Dr. Christina Min, medical oncologist at Mercy Clinic Oncology and Hematology at the David C. Pratt Cancer Center, says while breast cancer is being diagnosed at younger ages, the majority of the patient population is still older.
“If you are what we call an average-risk woman, meaning you don’t have any significant family history of breast cancer, the general recommendation is to start yearly mammograms at age 40,” Margenthaler says. “If you do have a family history, the recommendation is to undergo a risk assessment evaluation. We determine how high the risk is and whether we should start watching earlier. The general rule of thumb is to start 10 years earlier than the relative’s age at diagnosis.”
Three-dimensional mammography scanners have contributed to improved survival rates. Margenthaler explains that with the previous two-dimensional technology, the breast was condensed as a single image on an X-ray. “With the 3-D mammogram, the breast is still compressed, but the machine generates slices that the radiologist can scroll through at different depths,” she says.
Women can reduce their risk of breast cancer, Min says, but they have to take care of themselves in general.
» Keep a healthy weight. When you are overweight, fatty cells produce estrogen, which can increase your risk.
» The American Cancer Society advises limiting yourself to one alcoholic drink a night.
» If you are taking any kind of hormone replacement, be aware of the risks of increased hormone exposure.
» If you have family history of breast or ovarian cancer, it should be addressed through screening. Genetic assays can be very helpful.
Medical science continues to seek better answers to the essential question about migraine headaches: Why me? While much remains to be learned, a new class of medications is promising to bring historic levels of relief. “The cause of migraines is not well understood,” says Dr. Aninda Acharya, a SLUCare neurologist. “They do run in families, which suggests a genetic basis.”
triggers and medication
Migraines have long been linked to wine, still considered one of the significant contributors. “Generally there is a trigger, although it’s not always identified,” Acharya says. “This leads to a cascade of events in the brain, including the release of inflammatory factors. It also is thought that people with migraines have an abnormality in the function of the trigeminal nerve, which is in the pain-sensing structures of the brain.” The cascade of events remains mysterious, but there are proven means of minimizing one’s risks.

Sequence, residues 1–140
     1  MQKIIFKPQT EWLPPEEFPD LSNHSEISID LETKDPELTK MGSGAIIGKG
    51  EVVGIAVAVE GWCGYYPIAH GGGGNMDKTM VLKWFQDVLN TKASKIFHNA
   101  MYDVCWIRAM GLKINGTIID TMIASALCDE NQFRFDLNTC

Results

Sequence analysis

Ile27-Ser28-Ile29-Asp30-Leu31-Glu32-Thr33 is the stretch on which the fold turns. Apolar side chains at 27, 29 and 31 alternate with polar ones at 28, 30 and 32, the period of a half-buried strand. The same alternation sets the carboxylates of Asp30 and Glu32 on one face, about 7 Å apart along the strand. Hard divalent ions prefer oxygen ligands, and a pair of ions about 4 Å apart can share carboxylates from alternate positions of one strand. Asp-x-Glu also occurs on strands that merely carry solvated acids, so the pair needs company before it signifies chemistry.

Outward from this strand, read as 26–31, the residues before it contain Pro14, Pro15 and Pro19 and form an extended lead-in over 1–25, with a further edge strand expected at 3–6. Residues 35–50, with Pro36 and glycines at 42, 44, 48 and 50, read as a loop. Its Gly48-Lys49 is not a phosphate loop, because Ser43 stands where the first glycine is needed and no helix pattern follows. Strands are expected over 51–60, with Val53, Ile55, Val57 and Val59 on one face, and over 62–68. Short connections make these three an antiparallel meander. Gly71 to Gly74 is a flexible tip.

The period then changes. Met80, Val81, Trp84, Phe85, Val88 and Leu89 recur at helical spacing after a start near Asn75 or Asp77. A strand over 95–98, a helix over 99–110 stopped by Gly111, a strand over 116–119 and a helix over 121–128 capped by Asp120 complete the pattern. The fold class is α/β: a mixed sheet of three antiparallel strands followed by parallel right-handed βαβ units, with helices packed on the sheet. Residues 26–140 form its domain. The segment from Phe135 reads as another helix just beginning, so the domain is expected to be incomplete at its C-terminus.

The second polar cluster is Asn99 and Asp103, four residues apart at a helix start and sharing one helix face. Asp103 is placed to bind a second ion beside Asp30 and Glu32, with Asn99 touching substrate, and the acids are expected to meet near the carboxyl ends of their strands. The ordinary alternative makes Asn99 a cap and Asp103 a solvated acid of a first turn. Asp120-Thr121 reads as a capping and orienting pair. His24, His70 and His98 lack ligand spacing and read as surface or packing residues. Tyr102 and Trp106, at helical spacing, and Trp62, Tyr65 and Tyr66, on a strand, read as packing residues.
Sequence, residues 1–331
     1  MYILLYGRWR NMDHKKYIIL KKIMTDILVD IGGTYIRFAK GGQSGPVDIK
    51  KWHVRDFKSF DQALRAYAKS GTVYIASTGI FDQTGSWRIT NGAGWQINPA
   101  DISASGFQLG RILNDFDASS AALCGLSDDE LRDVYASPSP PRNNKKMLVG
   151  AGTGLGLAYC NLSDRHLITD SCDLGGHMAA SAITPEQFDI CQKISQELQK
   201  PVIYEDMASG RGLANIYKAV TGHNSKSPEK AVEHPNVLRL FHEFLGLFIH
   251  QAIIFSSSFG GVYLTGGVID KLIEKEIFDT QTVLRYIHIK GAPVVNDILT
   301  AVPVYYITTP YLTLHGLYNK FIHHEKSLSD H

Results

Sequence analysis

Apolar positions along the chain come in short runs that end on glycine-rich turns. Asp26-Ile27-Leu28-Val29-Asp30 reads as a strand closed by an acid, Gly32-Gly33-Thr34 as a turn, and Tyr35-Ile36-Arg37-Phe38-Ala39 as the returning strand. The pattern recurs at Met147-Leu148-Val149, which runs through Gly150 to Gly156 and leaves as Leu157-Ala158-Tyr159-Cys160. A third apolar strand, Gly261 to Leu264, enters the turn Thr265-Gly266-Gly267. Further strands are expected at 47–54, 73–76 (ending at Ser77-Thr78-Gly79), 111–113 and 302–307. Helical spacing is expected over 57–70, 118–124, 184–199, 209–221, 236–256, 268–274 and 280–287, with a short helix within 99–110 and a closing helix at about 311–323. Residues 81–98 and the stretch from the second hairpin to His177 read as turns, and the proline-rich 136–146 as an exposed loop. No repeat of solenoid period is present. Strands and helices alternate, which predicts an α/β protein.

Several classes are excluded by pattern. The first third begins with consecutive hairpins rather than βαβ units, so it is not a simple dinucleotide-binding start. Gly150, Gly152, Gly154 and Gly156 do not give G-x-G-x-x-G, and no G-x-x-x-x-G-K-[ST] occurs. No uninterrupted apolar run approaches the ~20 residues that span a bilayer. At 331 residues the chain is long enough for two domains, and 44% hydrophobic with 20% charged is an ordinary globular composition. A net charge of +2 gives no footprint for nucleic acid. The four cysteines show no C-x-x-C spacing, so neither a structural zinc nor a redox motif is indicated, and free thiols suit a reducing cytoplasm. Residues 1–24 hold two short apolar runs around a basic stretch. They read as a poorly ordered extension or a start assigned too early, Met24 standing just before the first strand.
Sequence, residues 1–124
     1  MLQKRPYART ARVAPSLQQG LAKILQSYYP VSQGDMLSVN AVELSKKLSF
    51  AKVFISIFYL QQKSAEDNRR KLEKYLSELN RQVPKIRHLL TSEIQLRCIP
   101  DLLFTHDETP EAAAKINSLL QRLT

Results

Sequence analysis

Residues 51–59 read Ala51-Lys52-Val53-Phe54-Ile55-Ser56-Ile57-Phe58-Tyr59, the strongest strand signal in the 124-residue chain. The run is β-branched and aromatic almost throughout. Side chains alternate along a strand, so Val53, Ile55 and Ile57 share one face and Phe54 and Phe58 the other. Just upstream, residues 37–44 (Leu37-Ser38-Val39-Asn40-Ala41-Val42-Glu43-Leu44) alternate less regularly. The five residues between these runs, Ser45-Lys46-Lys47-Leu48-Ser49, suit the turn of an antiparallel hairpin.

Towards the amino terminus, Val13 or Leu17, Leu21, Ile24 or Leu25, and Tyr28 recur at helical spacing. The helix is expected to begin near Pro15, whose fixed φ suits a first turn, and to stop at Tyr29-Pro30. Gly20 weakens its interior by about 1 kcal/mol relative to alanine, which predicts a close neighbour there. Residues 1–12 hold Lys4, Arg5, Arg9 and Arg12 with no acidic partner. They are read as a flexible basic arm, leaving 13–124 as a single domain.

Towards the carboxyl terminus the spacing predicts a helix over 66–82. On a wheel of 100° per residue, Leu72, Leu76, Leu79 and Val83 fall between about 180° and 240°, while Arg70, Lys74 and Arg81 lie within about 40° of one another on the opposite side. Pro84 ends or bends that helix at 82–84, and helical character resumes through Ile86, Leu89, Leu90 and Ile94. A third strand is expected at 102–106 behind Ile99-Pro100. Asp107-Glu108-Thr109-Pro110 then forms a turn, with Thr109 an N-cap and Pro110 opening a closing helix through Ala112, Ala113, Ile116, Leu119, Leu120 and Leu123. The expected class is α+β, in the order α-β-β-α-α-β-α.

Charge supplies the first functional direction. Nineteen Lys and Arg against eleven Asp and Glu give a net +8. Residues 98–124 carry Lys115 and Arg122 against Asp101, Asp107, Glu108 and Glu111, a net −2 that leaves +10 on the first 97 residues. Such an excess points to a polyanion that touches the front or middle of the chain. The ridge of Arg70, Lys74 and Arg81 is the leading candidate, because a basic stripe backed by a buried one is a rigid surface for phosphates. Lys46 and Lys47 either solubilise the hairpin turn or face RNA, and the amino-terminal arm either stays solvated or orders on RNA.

“The first intervention is trying to identify triggers,” Acharya says. “Common ones include stress, certain foods, lack of sleep and hunger. I encourage patients to keep a headache diary to record the occurrence of their migraines and possible triggers. If the triggers can be avoided, the patient may not need medication.”
Acharya says three categories of medications have been found helpful in preventing migraines: antidepressants, anti-seizure medications and blood pressure medications. “Some studies suggest magnesium and riboflavin can help prevent migraine attacks,” he notes. “If patients continue to have migraines despite preventive measures, there are medications that can help stop an attack. The first line includes over-the-counter medications such as ibuprofen, naproxen and acetaminophen. Next are prescription triptans. Generally, narcotic medications are avoided because of the side effects, such as the potential for addiction and lack of long-term efficacy.”
If standard treatments do not bring relief, further testing may be recommended, Acharya says. “Occasionally we order an MRI of the brain if something suggests a more serious condition is present.”
a new drug
Earlier this year, the U.S. Food and Drug Administration approved the first preventive migraine treatment in a new class of drugs that block the activity of calcitonin gene-related peptide, a molecule that is involved in migraine attacks. This molecule is one of the known keys to migraines, Acharya says. “These molecules irritate pain-sensitive structures in the brain, resulting in a severe headache,” he notes.
The new drug, Aimovig, is a monthly self-injection that binds and blocks the CGRP receptor. “Clinical trials have shown a marked reduction of migraines in patients who took this medication when compared to a placebo,” Acharya says. “Three other drugs are in the late stages of development and may be on the market in the coming years.”
» About 12 percent of Americans (39 million people) suffer from migraines.
» Women are three times more likely to suffer from them than men.
» Migraines are characterized by throbbing head pain associated with nausea, vomiting, and light and noise sensitivity.
» Preceding the headaches, about 20 percent of patients have an aura, which usually consists of flashing lights or zig-zag lines that distort vision.
» Nine out of 10 people with migraines report they cannot function normally with them.
» Nearly three out of 10 require bed rest during an attack.
» A ’complicated migraine’ can include numbness, tingling, dizziness and confusion.